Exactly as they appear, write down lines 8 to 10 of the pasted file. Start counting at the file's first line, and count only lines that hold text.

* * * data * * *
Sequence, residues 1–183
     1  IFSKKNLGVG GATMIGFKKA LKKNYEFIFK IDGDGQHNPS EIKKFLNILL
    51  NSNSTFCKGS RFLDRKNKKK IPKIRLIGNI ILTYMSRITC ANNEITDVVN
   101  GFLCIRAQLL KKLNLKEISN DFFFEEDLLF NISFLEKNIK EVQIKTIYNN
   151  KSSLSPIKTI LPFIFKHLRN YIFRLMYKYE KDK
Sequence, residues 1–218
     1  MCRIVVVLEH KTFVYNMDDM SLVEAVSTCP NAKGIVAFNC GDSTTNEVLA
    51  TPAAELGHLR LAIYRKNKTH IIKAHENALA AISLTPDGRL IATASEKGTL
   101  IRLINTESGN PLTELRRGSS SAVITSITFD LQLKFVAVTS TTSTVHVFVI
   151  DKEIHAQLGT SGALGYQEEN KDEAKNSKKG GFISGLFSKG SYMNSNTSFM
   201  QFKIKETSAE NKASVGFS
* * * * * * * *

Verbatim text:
    51  TPAAELGHLR LAIYRKNKTH IIKAHENALA AISLTPDGRL IATASEKGTL
   101  IRLINTESGN PLTELRRGSS SAVITSITFD LQLKFVAVTS TTSTVHVFVI
   151  DKEIHAQLGT SGALGYQEEN KDEAKNSKKG GFISGLFSKG SYMNSNTSFM